Thursday, 3 November 2016

Review: The Last Five Years, St James

"I'm not always on time
Please don't expect that from me" 

I think I have to rank Jason Robert Brown's The Last Five Years as one of my favourite new musicals (it was first performed in 2001) as any show with such a sequence of extraordinary songs as 'A Part Of That', 'The Schmuel Song' and 'A Summer In Ohio' at its heart surely deserves. I had the privilege to be introduced to the show by the Paul Spicer and Julie Atherton-starring version in 2009, I loved it again with Jon Robyns and Danielle Hope a couple of years ago, and I was a fan of last year's film version and how it adapted the show's unique structure for a different medium.

The show's conceit is that he tells the story of a relationship between 2 twenty-something New Yorkers both from start to finish and from finish to start at the same time. So Jamie's narrative commences in fresh hope at the beginning and Cathy's opens at a moment of real heartbreak and as they move along their timelines, there's one moment where they crossover, where they actually interact, a moment of glorious happiness made all the more tragic for already knowing how it is going to end.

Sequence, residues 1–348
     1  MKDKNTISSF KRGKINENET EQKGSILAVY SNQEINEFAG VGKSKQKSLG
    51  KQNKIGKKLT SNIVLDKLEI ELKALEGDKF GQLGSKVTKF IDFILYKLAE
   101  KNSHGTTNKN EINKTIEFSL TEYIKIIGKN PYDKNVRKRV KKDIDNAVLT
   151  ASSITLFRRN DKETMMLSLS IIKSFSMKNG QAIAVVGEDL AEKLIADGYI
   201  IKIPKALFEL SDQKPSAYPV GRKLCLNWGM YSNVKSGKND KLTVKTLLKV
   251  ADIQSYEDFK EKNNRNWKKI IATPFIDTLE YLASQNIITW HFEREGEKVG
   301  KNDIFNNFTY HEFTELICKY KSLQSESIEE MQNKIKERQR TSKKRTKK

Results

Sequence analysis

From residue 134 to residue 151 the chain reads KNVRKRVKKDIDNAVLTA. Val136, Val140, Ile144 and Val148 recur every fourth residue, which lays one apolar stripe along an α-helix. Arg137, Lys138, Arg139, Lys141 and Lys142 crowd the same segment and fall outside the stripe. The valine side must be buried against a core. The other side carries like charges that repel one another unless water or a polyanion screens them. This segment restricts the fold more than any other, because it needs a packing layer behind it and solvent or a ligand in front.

And this production does extremely well through the sterling efforts of Torquil Munro's string-loving musical direction and an ideally-suited pairing in Jonathan Bailey and Samantha Barks. Barks has matured into a beautifully emotive performer (read my review of her album here) and she soars here, sucking us straight into the poignant turmoil of Cathy's world from her very first note but equally at home in the brighter moments with a neat line in self-deprecating humour. And if Bailey isn't quite as big a singer (not an issue in his previous musical American Psycho), he more than compensates with a performance full of charisma that can't help but be entirely adorable.

Brown (whose first show Songs For A New World was seen here at the St James last year) also directs and he makes some curious decisions that almost threaten to derail affairs. With designer Derek McLean, he's opted for an over-literal staging which severely detracts from the smoothness of the show as prop after prop is moved awkwardly into view. The backdrop of painted windows would be enough but at several points, additional digital windows fly in to show some video or other in a confusing and unnecessary move - weirdly enough, you feel as if he needs to trust his material more.

Running time: 90 minutes (without interval)
Photos: Scott Rylander 
Booking until 3rd December


No comments: